By Heidi Tattrie Rushton
When the snow falls, many people hunker down and say the weather limits access to their favourite activities.
More and more people, however, see it as an opportunity to explore places they can’t normally access by strapping on a pair of snowshoes and getting outside.
Janet Barlow, of Halifax, N.S. is one of those people. She is a lifelong hiker and the executive director of Hike Nova Scotia and, when it starts to snow, she doesn’t stop hiking, she just adds snowshoes.
“Snowshoes allow you to pretty much float on top of the snow,” she says.
Snowshoes have been around for thousands of years. First Nations people used wooden versions to get around in deep snow and snowshoes have continued to evolve over time to the modern, lightweight aluminum versions most often used now.
The design of snowshoes allows users to strap them on their winter boots and walk across deep snow without sinking into it. They’ve grown in popularity over the last several years as they are suitable for users of all ages and physical activity levels.
“IF YOU CAN WALK, YOU CAN SNOWSHOE”
When Barlow received a pair of snowshoes from her mother for Christmas several years ago, she was keen to try it out.
“I was already a hiker, but I hadn’t tried snowshoes yet. It’s not terribly difficult to learn, there are a few techniques you can try but, really, if you can walk, you can snowshoe,” she says.
“It’s a bit more of a workout than plain hiking on solid ground but it’s not so strenuous that most people couldn’t do it.”
Shirley Smith, of Chezzetcook, N.S., also received her snowshoes as a Christmas gift about 12 years ago and was delighted with how easy it became to walk on snow, although she says she had a bit of a learning curve.
“I started the first time without poles and that was challenging,” she says. “I then got a set of poles that helps you stay on top of the snow, like a walking stick. For people who might have balance issues, you can snowshoe everywhere like this and prevent falls.”
THE SOUND OF SILENCE
One unexpected benefit to snowshoeing was the peace Barlow finds on the snow-covered trails.
“The really wonderful thing about the winter woods, when there’s snow on the ground, is the silence. It really is a different kind of silence than you’d experience in other places,” she says.
“When you go into the woods at other times of the year, there is the wind and the leaves and almost always this background sound, but in the winter woods, there’s more of a silence, and I find that really quite beautiful and calming. The backdrop of the trees with their skeleton outlined in the sky, it’s really a beautiful place and snowshoeing helps you get out there.”
Smith also enjoys the calm she feels when snowshoeing, as well as being able to explore new places.
“I like being outdoors, the quietness, being able to walk across the snow, being able to investigate places other people have never been that snow can take you to,” she says.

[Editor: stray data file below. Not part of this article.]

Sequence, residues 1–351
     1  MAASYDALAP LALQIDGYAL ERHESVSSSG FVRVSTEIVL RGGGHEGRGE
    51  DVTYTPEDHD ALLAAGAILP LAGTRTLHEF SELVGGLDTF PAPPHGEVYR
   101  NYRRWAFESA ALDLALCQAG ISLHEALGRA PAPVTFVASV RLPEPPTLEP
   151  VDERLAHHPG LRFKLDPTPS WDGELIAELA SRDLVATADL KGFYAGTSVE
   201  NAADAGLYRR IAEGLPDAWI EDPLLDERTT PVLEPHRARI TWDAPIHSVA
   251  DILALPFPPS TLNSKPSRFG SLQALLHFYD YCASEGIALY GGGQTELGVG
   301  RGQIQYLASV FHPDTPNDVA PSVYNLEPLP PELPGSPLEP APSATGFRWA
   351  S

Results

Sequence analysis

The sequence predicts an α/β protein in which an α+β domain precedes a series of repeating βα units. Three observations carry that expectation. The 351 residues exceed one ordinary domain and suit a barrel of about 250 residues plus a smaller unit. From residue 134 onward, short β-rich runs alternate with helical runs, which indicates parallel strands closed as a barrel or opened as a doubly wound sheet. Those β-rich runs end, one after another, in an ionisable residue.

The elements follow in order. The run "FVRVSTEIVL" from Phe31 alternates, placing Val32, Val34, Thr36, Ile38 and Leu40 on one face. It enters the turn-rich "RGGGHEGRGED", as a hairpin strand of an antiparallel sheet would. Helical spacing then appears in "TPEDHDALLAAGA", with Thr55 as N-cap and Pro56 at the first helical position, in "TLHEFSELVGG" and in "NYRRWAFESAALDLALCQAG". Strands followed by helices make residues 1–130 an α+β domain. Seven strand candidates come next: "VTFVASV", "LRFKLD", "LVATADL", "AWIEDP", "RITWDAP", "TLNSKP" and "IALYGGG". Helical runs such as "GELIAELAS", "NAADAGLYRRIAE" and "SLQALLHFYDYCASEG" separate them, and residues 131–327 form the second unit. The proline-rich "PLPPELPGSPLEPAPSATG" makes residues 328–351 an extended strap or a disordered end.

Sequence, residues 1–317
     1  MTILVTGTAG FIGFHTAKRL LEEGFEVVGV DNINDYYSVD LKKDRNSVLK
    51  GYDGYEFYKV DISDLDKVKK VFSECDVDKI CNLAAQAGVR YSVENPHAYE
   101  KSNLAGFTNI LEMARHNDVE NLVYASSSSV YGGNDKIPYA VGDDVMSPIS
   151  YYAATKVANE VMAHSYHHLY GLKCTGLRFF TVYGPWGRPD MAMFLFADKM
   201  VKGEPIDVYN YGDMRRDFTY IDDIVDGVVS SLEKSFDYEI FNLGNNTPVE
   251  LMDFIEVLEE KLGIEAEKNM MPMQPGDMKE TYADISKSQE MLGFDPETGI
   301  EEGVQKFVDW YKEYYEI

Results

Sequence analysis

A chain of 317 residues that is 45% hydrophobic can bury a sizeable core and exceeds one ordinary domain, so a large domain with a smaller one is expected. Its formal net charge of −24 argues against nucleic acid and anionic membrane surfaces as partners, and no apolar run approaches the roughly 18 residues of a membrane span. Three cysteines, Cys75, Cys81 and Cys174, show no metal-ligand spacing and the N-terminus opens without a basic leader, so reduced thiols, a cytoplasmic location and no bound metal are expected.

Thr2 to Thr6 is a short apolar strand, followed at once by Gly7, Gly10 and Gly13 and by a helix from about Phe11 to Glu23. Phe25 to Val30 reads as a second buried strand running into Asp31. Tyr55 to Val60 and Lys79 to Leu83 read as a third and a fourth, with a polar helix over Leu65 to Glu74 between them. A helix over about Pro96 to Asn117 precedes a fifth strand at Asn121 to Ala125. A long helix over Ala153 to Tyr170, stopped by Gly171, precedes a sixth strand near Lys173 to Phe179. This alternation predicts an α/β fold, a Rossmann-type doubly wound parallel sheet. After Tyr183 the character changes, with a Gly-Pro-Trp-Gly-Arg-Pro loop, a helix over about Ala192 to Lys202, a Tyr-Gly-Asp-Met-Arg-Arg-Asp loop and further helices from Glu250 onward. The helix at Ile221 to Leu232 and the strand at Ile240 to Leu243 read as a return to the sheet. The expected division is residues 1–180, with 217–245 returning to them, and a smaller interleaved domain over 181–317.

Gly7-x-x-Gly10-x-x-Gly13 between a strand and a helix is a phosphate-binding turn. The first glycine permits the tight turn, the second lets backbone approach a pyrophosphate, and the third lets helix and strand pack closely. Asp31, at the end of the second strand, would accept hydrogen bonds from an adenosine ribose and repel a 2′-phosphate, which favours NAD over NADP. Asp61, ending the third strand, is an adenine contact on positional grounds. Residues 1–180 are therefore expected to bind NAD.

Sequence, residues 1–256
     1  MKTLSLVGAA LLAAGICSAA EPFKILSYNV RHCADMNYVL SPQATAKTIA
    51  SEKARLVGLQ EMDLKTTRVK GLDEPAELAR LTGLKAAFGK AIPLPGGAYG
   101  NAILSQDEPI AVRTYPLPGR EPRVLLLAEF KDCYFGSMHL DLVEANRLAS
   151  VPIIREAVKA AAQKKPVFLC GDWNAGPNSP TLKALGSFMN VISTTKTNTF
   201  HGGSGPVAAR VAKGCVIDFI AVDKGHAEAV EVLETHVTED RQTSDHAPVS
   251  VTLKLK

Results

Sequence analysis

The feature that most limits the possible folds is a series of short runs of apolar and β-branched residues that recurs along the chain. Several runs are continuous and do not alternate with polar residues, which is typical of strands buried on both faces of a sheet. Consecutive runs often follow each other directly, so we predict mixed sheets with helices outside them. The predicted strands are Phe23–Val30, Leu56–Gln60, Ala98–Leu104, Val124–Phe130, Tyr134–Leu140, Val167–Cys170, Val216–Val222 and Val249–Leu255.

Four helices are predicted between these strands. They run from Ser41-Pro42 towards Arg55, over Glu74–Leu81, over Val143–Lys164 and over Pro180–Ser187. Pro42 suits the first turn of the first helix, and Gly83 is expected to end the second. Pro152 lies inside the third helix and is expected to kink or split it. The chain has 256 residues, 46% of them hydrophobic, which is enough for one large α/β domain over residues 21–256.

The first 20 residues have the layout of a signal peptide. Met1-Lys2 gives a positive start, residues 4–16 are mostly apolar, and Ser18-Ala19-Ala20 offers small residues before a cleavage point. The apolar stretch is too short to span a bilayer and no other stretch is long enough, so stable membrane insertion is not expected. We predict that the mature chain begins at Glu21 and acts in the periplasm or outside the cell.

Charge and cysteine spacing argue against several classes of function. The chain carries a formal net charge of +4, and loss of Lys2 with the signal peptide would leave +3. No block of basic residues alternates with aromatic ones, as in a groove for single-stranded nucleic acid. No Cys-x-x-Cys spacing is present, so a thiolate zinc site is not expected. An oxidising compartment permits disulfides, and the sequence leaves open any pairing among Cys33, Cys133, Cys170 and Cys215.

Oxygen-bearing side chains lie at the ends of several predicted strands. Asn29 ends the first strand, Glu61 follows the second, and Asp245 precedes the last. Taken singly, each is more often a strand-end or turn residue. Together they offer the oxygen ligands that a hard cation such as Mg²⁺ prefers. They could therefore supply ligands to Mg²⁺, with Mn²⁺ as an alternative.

After a hurricane years ago, a heavily forested area behind her house suffered a lot of damage and many trees had to be cleared. When the first snow fell later that year, she headed out into the new clearing.
“With all the trees gone there was this feeling of, wow, I’ll bet no one has ever walked here but me. I’m the first person walking here,” she said. “Snowshoes gave me the freedom to be able to do that.”
Snowshoeing can be a fun group activity as well. Smith has a group of friends that meet weekly year-round to do some physical activity and, in the winter, they often choose to snowshoe together. She encourages others to get outside and enjoy their favourite places in the snow with friends.
“In Nova Scotia, we have so many wonderful places to go, like provincial parks and the connector trails,” she says.
Barlow agrees that a group snowshoe hike is a wonderful way to try out the activity and the social aspect can be a great motivator. The Hike NS websites lists more than 90 snowshoeing hikes around the province.
“A lot of people think in wintertime that they can’t hike or go outside as much anymore, but when there’s snow down, snowshoes let you access the winter woods,” she says. “Snowshoeing can get you out there, get your physical activity and get in touch with nature.”
HOW TO GET STARTED
1. Go online to www.hikenovascotia.ca and check out their list of the 60-plus locations across the province that rent or loan snowshoes and pick up a pair. Typically, there is a rating on the snowshoes based on weight, so it’s easy to find a pair that is the right size. Try out a few different styles to see what feels most comfortable. Add some poles to help with balance.
2. Get good outdoor gear and look for boots and snow pants that are waterproof.
3. Consider using gators on your pants - they are like sleeves that go over the bottom of pants and the top of boots to keep water and snow out.
4. Join one of the many guided snowshoe hikes across the province through the winter offered by Hike NS. Hike leaders can help novice snowshoers and it’s a great way to make new friends.
5. Start out slowly and choose a flatter terrain, such as a Rail Trail. Take it easy the first time out in terms of distance and time.
6. Be aware that you might be a little sore the next day: “Snowshoeing uses your legs in a different way and you have a wider stance with a bit more weight on your feet so you need to lift your legs up higher and you get a bit more of a workout,” says Barlow. “You might have some minorly sore muscles after the first time you go snowshoeing but it’s so much fun that it’s definitely worth it.”